This intimate bond opens many avenues for support and growth within the healthcare profession as nurses begin realizing new ways of meeting patient needs and offering the highest possible level of quality care. Lumby (2004) suggests that the term advance practice nurse or even nurse practitioner is one that is controversial at bet because the term ‘practitioner’ specifically has usually been reserved for doctors. The author also points out that all nurses “are practitioners of nursing” regardless of their skills or expertise (Lumby, 40).
The author challenges the profession of nursing to focus on key issues, which she defines as “developing the capacity to research and articulate the evolution going on within the profession” (Lumby, 41). Among the current issues facing advance practice nurses and the nursing profession in general include finding methods to delivery “consumer focused quality health services” and shift individuals way of thinking from a “provider driven system to a consumer driven system” that enables consumers to make informed choices regarding their healthcare (Lumby, 41).
Issues and Discussion of Advance Practice Nursing Lumby makes a good point. It is not nearly as important to define an advance practice nurse as it is to define what techniques, methods and practices nurses will need to adopt in the future to drive health care in a consumer oriented direction. The health care industry has long faced many crises none the least of which is providing adequate health care to an increasingly diverse population. Advanced practice nurses, with additional training and more specialized care, are interacting even more than RN’s with patients on a daily basis.
They are playing key roles in the health outcomes of patients in the short and long term in many instances. Many APN are also making decisions that ultimately will affect a patient’s long-term health and well-being. It is important as Lumby points out that APN’s focus their attention on enabling or empowering consumers to make independent choices regarding their health care. Consumers want to feel they are taking an active role in the decision making process when it comes to their health and well being.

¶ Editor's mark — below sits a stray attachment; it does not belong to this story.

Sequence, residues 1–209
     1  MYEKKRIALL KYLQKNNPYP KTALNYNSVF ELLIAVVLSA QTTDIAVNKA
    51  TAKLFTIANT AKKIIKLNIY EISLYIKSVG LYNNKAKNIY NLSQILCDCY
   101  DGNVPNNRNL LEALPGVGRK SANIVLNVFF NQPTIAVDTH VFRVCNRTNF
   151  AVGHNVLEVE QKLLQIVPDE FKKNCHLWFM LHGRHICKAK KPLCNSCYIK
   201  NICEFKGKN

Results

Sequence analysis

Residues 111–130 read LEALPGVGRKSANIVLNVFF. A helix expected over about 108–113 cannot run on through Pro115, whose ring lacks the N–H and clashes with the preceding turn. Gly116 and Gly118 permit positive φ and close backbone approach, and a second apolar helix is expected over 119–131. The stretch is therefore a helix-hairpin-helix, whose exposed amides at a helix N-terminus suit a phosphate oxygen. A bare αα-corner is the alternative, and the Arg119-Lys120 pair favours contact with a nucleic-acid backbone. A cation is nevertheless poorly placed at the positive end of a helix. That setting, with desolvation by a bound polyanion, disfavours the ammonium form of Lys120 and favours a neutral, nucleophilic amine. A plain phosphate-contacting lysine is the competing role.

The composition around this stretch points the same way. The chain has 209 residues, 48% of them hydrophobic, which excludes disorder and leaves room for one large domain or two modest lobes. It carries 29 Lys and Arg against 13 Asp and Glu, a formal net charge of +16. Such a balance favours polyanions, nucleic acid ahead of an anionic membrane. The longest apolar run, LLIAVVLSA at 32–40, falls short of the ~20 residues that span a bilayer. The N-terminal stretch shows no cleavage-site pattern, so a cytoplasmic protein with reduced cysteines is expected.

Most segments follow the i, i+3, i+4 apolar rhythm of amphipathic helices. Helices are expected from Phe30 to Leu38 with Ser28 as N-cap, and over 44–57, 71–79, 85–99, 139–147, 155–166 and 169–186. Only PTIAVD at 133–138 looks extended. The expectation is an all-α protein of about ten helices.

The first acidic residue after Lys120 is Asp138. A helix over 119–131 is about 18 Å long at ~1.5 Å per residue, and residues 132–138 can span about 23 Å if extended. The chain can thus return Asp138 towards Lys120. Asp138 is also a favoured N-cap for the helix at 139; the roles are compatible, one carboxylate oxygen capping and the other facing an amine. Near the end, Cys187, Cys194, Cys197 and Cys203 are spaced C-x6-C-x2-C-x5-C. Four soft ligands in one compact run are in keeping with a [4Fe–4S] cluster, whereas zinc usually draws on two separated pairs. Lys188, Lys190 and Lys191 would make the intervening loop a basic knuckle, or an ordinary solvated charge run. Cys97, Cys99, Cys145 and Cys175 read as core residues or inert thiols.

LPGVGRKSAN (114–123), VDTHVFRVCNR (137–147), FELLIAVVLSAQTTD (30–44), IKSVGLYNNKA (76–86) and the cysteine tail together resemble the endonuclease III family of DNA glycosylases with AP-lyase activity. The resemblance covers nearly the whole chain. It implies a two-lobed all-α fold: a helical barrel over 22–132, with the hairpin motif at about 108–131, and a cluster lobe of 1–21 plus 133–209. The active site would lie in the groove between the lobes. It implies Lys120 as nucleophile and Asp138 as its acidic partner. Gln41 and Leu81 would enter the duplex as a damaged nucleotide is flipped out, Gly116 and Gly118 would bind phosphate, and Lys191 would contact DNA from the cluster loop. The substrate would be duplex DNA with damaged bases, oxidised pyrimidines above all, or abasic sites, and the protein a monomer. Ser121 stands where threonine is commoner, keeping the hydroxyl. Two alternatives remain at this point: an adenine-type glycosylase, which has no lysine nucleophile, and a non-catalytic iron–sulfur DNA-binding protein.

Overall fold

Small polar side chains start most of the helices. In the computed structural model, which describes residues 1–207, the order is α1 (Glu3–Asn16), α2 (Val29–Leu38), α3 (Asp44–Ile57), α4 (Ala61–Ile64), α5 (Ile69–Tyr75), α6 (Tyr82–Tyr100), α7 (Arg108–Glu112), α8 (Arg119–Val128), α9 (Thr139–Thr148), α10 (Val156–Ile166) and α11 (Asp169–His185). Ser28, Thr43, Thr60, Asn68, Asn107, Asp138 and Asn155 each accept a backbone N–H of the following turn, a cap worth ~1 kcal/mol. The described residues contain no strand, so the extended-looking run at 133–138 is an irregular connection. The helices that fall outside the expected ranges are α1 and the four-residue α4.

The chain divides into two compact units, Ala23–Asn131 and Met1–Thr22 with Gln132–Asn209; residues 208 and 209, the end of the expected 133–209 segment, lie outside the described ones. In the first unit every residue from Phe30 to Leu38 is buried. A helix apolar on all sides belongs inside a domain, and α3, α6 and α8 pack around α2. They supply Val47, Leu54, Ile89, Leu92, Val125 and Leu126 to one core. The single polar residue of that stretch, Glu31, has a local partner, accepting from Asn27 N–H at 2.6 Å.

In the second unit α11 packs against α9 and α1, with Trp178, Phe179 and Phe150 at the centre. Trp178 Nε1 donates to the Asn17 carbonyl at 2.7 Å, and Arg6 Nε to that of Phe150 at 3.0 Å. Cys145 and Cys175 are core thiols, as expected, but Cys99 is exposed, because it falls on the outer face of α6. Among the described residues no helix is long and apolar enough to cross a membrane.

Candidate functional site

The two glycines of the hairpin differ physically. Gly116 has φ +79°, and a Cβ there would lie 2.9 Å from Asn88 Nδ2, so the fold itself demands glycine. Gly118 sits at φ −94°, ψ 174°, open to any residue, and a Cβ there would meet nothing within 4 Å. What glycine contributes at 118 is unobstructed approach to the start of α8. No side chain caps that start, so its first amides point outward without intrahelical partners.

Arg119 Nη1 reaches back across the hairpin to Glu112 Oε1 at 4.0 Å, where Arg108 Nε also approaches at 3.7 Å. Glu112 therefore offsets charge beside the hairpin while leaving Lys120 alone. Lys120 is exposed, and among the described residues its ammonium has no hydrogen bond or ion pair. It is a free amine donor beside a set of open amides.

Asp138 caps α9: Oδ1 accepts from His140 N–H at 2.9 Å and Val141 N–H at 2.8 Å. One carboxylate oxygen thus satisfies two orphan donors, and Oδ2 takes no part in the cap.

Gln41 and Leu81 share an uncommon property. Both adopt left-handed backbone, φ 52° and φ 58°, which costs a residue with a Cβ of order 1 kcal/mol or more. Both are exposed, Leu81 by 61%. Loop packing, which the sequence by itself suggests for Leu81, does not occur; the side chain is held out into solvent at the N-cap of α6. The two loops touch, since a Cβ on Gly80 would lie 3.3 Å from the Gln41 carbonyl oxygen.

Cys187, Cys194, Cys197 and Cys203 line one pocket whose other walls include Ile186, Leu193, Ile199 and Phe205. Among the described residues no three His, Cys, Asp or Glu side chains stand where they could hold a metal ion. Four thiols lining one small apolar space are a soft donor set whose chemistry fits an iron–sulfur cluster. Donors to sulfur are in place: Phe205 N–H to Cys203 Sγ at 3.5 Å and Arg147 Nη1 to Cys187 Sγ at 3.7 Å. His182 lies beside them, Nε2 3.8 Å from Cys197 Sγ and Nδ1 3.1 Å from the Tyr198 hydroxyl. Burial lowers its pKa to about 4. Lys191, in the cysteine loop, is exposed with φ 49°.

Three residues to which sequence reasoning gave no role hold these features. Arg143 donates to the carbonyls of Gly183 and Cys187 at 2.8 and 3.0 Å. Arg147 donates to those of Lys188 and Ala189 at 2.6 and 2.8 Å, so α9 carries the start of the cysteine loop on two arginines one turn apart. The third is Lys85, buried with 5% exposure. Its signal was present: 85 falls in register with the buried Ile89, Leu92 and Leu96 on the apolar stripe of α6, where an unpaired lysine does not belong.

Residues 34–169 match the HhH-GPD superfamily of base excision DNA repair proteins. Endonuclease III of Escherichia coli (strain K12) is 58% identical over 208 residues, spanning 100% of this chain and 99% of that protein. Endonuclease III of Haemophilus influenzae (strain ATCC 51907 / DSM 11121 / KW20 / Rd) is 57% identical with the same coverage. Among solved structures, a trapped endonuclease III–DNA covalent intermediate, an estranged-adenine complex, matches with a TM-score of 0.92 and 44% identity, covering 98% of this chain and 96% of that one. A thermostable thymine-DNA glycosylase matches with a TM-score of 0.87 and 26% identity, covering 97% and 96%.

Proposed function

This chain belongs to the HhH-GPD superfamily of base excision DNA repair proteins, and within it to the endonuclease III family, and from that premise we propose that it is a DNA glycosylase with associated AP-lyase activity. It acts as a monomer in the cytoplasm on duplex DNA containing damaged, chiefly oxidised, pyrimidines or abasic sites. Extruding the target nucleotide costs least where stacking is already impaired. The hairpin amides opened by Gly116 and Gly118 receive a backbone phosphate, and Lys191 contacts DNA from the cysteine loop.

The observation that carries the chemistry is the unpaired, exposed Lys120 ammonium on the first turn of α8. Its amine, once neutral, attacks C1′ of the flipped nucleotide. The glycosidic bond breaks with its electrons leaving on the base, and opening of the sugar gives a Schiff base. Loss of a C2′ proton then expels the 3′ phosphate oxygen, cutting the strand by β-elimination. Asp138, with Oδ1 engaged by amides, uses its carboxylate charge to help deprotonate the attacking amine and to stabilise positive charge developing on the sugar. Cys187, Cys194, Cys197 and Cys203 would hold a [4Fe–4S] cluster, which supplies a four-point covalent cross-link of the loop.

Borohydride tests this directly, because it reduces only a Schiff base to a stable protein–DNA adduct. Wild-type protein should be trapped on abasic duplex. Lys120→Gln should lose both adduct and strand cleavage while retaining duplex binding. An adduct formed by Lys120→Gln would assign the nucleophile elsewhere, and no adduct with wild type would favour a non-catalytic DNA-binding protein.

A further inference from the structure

APNs can help facilitate this process by informing patients and apprising them of their choices in a health care setting. Much like a physician most APN conduct autonomous decisions when diagnosing and treating complex symptoms in patients. APN’s must not only be clinically skilled at diagnosing and assessing but also integrate important skills such as education, communication and leadership and brings these factors into the patient nurse relationship.
The role of the APN will likely continue to change with time as the health care standards within the nation and across the globe continue to change. New roles and specialties within the field of advance practice nursing will also emerge as healthcare evolves and changes in the upcoming years. Hopefully these changes will ultimately result in better health care services and better defined roles for both caregivers and patients in a healthcare setting.
In addition APN’s will likely continue to face ongoing challenges in the healthcare arena, including challenges presented by working under a managed care system that doesn’t afford equal access to health care to all people in the states. APN’s should continue to collaborate closely not only with colleagues and physicians but also with members of the community and patients to broaden their experience and develop new methods for meeting consumers needs in as Lumby calls it, an increasingly consumer driven practice.
Bibliography : ANA. “Advanced practice nursing: A new age in health care. ” 1997 American Nurses Association. 23 Sept 2005: http://www. nursingworld. org/readroom/fsadvprc. htm DRL. (2004 – Jan). “DRL – Advanced Practice Nurse Prescriber. ” January 8, 2004. Wisconsin Department of Regulation and Licensing. 24, Sept 2005: http://drl. wi. gov/prof/nura/def. htm Lumby, J. (2000). Clinical challenges: Focus on nursing. St. Lenoards, Allen ; Unwin.